Plato , was a Classical Greek philosopher, mathematician, student of Socrates, writer of philosophical dialogues, and founder of the Academy in Athens, the first institution of higher learning in the Western world. Along with his mentor, Socrates, and his student, Aristotle, Plato helped to lay the...

nic Dialogues for English Readers
(1850–1861), the Lectures on the History of Moral Philosophy in England (1852), the essay, Of a Liberal Education in General, with particular reference to the Leading Studies of the University of Cambridge (1845), the important edition and abridged translation of Hugo Grotius
Hugo Grotius
Hugo Grotius , also known as Huig de Groot, Hugo Grocio or Hugo de Groot, was a jurist in the Dutch Republic. With Francisco de Vitoria and Alberico Gentili he laid the foundations for international law, based on natural law...

, De jure belli ac pacis
De jure belli ac pacis
De jure belli ac pacis is a 1625 book in Latin, written by Hugo Grotius and published in Paris, on the legal status of war. It is now regarded as a foundational work in international law....

(1853), and the edition of the Mathematical Works of Isaac Barrow
Isaac Barrow
Isaac Barrow was an English Christian theologian, and mathematician who is generally given credit for his early role in the development of infinitesimal calculus; in particular, for the discovery of the fundamental theorem of calculus. His work centered on the properties of the tangent; Barrow was...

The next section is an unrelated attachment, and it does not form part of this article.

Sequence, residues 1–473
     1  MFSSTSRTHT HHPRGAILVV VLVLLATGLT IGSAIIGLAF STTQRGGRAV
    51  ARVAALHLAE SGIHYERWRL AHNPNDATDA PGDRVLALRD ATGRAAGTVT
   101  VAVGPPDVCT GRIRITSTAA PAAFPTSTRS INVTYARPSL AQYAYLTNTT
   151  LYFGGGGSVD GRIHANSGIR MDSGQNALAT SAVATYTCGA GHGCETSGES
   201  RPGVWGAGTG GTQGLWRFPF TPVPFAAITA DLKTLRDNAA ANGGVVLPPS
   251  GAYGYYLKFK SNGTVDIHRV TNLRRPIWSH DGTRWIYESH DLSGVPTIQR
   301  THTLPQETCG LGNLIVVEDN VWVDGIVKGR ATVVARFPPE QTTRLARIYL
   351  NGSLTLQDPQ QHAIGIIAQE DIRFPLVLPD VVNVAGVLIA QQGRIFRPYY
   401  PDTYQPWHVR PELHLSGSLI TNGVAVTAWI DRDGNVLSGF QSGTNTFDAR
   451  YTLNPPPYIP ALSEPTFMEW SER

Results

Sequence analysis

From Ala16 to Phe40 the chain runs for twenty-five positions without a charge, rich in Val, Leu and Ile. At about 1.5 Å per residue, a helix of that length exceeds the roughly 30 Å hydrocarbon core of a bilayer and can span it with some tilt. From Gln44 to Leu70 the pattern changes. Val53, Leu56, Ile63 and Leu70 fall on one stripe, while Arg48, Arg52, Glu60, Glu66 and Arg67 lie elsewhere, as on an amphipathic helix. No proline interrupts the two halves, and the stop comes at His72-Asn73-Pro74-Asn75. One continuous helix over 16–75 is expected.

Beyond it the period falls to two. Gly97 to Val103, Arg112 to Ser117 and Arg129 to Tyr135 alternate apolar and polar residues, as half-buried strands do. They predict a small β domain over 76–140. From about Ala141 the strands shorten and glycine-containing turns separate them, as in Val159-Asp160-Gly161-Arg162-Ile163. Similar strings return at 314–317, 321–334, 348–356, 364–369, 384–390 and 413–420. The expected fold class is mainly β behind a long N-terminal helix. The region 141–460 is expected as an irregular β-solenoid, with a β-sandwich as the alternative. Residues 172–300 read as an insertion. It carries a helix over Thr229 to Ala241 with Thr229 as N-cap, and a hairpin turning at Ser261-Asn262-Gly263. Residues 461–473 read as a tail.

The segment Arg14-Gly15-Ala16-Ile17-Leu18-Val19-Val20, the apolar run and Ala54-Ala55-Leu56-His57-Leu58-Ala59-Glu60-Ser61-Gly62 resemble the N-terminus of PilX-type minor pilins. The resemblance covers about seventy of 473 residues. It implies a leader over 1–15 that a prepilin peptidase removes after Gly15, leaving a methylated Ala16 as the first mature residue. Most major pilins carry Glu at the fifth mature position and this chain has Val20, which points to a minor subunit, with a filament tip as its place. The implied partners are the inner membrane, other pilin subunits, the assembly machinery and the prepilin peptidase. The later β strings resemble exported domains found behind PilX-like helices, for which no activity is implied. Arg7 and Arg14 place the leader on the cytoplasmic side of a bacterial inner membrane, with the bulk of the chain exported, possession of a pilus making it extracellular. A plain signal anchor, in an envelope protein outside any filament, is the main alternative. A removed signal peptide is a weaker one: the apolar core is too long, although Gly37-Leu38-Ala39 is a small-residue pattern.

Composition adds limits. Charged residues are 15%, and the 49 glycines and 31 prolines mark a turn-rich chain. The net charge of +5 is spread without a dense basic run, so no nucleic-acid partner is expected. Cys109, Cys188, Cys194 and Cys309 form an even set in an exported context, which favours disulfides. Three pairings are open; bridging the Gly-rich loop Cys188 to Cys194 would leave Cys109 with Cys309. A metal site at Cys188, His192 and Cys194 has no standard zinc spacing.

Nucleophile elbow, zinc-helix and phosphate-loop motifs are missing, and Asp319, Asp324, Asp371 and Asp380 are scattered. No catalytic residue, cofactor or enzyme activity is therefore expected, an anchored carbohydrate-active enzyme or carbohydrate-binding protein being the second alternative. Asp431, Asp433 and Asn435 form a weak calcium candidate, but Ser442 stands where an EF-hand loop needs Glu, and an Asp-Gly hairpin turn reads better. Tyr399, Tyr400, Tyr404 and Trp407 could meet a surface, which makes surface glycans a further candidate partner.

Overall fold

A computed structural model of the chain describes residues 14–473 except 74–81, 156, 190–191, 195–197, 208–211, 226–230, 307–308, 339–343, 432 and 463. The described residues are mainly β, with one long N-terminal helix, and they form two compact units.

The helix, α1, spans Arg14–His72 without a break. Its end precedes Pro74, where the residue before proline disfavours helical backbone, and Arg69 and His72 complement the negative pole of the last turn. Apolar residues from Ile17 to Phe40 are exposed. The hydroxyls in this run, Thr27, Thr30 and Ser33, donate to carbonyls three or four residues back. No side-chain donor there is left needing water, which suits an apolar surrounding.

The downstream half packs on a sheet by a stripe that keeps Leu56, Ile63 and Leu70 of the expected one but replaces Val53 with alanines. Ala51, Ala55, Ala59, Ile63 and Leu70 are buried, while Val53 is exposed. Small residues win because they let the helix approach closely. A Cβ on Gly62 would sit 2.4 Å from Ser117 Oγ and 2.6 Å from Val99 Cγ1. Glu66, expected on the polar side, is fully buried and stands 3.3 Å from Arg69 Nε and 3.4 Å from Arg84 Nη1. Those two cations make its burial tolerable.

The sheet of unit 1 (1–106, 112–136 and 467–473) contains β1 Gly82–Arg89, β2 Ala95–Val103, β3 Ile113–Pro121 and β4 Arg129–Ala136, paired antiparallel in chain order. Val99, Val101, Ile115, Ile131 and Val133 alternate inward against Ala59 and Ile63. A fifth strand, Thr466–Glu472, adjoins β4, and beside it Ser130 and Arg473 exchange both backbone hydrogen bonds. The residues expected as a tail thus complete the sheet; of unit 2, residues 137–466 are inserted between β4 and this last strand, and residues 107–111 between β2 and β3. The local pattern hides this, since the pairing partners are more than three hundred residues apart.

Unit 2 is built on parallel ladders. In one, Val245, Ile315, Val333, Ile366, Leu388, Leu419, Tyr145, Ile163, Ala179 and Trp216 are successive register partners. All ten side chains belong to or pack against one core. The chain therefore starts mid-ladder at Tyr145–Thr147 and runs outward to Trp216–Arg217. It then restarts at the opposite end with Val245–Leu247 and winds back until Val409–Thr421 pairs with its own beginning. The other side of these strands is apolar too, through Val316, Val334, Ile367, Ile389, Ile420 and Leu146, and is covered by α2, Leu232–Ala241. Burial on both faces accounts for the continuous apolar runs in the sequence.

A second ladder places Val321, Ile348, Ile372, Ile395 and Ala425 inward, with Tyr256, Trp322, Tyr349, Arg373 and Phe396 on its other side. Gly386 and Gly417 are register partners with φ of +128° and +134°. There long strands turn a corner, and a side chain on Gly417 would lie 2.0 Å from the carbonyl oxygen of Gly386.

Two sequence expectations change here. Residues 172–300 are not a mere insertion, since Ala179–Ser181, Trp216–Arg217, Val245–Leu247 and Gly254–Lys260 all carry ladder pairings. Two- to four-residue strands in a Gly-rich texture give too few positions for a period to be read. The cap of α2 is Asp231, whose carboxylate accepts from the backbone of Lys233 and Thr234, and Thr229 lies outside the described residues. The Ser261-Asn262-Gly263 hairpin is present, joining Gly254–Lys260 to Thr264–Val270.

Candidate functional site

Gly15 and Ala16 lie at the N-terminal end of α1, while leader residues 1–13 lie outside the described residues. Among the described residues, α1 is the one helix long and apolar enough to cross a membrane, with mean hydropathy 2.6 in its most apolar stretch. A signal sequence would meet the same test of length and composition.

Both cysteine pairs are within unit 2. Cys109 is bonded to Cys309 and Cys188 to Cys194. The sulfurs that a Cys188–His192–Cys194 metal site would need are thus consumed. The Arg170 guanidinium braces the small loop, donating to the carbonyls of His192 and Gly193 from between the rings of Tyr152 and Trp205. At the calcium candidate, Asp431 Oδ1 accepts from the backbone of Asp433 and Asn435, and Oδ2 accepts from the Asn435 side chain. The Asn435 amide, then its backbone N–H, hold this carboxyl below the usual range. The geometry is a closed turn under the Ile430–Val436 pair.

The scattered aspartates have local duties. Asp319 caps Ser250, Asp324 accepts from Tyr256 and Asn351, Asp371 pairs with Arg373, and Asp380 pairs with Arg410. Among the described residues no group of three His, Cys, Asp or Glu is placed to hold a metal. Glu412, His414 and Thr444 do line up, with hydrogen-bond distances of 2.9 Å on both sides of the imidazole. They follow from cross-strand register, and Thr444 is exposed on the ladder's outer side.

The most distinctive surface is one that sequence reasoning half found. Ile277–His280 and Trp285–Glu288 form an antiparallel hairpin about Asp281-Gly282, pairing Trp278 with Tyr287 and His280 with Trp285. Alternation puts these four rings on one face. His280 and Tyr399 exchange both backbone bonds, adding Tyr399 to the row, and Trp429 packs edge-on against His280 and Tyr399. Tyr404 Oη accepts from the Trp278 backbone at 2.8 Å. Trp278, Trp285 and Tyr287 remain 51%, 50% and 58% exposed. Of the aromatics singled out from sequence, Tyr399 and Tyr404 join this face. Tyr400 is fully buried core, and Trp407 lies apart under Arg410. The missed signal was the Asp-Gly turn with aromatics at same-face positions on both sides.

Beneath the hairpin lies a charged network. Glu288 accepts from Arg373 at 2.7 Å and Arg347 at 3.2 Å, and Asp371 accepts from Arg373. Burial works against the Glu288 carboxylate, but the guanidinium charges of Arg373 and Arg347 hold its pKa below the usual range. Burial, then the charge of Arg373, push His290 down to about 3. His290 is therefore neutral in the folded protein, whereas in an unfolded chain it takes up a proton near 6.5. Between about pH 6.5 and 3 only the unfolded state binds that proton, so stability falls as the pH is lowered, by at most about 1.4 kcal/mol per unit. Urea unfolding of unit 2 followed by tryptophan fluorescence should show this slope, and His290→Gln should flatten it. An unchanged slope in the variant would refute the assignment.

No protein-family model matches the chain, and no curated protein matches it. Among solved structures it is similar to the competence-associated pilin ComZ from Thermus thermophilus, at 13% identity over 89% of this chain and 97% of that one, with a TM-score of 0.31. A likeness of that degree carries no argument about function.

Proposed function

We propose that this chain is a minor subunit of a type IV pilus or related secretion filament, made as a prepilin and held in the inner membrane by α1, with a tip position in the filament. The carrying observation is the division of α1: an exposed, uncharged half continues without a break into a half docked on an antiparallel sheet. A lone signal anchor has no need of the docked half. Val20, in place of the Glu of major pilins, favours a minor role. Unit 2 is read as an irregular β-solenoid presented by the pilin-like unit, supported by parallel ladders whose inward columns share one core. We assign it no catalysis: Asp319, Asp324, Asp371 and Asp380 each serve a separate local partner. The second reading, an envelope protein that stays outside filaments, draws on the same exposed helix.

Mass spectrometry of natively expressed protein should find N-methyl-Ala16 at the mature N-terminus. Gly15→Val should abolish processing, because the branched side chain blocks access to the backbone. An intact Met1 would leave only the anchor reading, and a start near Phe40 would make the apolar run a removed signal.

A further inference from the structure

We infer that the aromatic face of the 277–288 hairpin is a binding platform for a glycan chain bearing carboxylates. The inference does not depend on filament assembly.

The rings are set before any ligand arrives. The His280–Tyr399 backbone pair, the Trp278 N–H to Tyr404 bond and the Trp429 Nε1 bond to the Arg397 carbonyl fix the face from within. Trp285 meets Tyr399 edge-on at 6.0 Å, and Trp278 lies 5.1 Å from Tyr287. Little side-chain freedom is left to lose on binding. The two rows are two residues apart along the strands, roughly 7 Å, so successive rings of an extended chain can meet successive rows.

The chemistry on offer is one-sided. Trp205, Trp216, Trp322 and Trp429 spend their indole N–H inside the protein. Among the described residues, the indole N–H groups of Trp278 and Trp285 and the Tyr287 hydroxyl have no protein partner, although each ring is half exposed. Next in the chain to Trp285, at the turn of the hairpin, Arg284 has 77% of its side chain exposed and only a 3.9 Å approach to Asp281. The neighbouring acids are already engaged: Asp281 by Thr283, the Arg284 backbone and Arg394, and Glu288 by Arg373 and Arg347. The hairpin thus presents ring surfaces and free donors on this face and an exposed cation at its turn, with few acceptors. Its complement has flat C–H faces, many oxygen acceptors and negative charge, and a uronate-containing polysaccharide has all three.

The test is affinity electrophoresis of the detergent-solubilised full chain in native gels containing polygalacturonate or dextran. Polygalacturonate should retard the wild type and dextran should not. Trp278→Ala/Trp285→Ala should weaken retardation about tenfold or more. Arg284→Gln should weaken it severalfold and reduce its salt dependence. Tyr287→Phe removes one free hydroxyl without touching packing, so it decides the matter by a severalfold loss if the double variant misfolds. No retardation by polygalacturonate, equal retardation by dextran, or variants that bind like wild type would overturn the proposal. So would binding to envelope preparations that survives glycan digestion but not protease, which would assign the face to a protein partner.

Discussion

(1860).

Whewell was one of the Cambridge don
University don
A don is a fellow or tutor of a college or university, especially traditional collegiate universities such as Oxford and Cambridge in England.The term — similar to the title still used for Catholic priests — is a historical remnant of Oxford and Cambridge having started as ecclesiastical...

s whom Charles Darwin
Charles Darwin
Charles Robert Darwin FRS was an English naturalist. He established that all species of life have descended over time from common ancestry, and proposed the scientific theory that this branching pattern of evolution resulted from a process that he called natural selection.He published his theory...

 met during his education there
Charles Darwin's education
Charles Darwin's education gave him a foundation in the doctrine of Creation prevalent throughout the West at the time, as well as knowledge of medicine and theology. More significantly, it led to his interest in natural history, which culminated in his taking part in the second voyage of the...

, and after the Beagle voyage
Second voyage of HMS Beagle
The second voyage of HMS Beagle, from 27 December 1831 to 2 October 1836, was the second survey expedition of HMS Beagle, under captain Robert FitzRoy who had taken over command of the ship on its first voyage after her previous captain committed suicide...

 when Darwin was at the very start of The Origin of Species
The Origin of Species
Charles Darwin's On the Origin of Species, published on 24 November 1859, is a work of scientific literature which is considered to be the foundation of evolutionary biology. Its full title was On the Origin of Species by Means of Natural Selection, or the Preservation of Favoured Races in the...

Darwin placed a citation from Whewell's Bridgewater Treatise showing his ideas to be founded on a natural theology